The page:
The January 14 Lee-Jackson Day parade in Lexington drew either 300 or 1,500 marchers, depending on the news source. A special drawing card this year was a protest against the Lexington City Council's banning from city owned poles of all flags except those of America, Virginia, and the City of Lexington. The latter does not exist. The ban includes flags of Washington and Lee and VMI. A third engine of the Lexington economy is tourism, which attracts visitors particularly interested in Robert E. Lee and Stonewall Jackson. A reason given for the banning of the Confederate batle flag is that it makes some people feel unwelcome. I feel most unwelcome in a city that bans the flag under which five of my ancestors served their nation. One was killed in battle; another spent a year as a prisoner of war. For several years our Camp has made donations to three organizations vital to the memory of our Confederate ancestors. The Museum of the Confederacy is led by our Camp member Waite Rawls, CEO, who keeps us informed about the Museum's activities and has us excited about the opening of the Museum's additional location in Appomattox on 31 March. The 15 year old Central Virgina Battlefields Trust, headquartered in Fredericksburg, has saved 890 acres of battlefield in that area where four famous battles took place. The Richmond Battlefields Association last year celebrated its tenth birthday and has saved many acres in this area, where two major campaigns of the War took place. On May 19 there will be a dedication of a monument to the Texas Brigade at Gaines's Mill. Our Camp has a connection to that brigade, since we had a grave marker dedication, spearheaded by our Lewis Mills, to one of its soldiers at Mt. Olivet Baptist Church, Beaverdam, in the year 2000. Information about these worthy organizations can be found on their web sites: www.moc.org www.cvbt.org www.saverichmondbattlefields.org Many thanks to Camp member Richard Chenery who noticed the terrible condition of the Confederate flag flying over the Confederate fortification preserved at the Brook Run shopping center on Brook Road (Route 1) north of Emmanuel Episcopal Church. Camp member Gene Golden was kind enough to take some pictures of the flags. The Virginia Beach owner of the shopping center maintains the site, but the flags were handled by an individual now deceased. After looking at other flag poles around town and conferring with the organizations flying flags, action will be taken to replace the Confederate flag and the American flag, which is also in bad shape. Despite living near that site and going to the shopping center often until 1998, I had never walked up to the fortification site to read the three information plaques. Two are about Confederates. The third calls attention to Gabriel's Insurrection, the slave revolt whose rendezvous point was just north of the shopping center where Brook Run crosses the road known in those days as the Brook Turnpike. Registration for the Virginia Division Convention in Virginia Beach 30 March - 1 April will cost $ 35.00 if made by 10 March and $ 45.00 if made thereafter. The ever lively John Quarstein will speak on the Battle of the Ironclads at Saturday's lunch. It is hoped that Camp members will make donations to the Old War Horse and the Buck Hurtt Scholarship Fund at our February meeting. Walter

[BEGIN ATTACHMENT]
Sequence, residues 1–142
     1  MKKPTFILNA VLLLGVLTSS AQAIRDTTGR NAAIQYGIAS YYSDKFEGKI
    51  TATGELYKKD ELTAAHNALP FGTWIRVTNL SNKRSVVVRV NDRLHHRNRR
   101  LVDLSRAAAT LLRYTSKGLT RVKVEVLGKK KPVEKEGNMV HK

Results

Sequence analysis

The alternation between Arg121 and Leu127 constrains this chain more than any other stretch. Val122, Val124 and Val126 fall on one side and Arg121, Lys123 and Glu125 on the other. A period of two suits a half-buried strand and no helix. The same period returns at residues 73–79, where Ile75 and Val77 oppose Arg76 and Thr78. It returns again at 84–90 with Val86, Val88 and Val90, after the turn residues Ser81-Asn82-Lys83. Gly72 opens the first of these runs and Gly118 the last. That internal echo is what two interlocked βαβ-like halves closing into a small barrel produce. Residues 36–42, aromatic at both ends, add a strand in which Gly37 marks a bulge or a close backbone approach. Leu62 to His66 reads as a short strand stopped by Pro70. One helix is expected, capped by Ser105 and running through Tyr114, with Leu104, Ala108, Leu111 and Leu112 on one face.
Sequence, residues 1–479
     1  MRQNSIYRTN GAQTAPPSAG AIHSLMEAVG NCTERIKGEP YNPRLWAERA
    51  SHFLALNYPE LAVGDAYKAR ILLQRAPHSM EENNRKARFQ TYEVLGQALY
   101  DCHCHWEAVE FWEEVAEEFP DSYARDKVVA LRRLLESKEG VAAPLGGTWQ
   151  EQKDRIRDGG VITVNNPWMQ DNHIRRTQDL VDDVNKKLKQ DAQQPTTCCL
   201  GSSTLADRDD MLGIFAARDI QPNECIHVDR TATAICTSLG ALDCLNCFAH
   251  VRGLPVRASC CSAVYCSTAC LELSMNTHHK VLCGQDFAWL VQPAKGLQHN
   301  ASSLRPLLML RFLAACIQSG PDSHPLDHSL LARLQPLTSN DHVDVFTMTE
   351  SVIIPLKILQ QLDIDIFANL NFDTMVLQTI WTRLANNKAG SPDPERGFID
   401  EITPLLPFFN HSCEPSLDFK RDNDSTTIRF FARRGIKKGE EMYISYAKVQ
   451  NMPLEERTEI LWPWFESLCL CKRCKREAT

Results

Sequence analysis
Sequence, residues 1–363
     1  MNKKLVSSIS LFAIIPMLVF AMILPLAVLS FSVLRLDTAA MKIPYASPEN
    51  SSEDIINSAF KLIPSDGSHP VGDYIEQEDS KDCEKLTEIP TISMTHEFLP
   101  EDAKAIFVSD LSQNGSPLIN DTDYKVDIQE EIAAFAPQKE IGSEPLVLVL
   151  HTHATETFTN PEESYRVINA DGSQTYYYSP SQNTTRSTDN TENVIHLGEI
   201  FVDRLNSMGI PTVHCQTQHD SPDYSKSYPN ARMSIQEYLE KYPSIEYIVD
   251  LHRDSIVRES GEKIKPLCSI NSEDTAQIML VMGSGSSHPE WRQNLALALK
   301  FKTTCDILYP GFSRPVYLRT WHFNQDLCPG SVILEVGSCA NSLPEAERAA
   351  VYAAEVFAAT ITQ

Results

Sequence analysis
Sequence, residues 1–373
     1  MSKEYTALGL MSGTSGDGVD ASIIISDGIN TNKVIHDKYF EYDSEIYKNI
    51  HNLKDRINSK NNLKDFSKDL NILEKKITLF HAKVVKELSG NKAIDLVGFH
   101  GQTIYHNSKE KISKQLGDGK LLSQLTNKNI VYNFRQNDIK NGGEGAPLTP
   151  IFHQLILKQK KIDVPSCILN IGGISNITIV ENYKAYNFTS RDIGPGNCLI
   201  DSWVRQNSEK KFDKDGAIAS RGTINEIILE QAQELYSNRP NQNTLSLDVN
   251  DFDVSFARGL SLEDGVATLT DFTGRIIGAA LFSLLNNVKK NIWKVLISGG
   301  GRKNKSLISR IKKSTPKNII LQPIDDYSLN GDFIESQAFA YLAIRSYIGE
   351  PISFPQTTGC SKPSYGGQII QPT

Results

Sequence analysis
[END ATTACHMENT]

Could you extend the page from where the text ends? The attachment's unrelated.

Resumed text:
ROMA'S RESTAURANT 8330 STAPLES MILL RD. LOCATED IN "THE SHOPS AT STAPLES MILL" TURN LEFT AT FIRST STOPLIGHT NORTH OF THE WISTAR SHOPPING CENTER DINNER - SOCIAL 6:00 PM MEETING STARTS AT 7:00 PM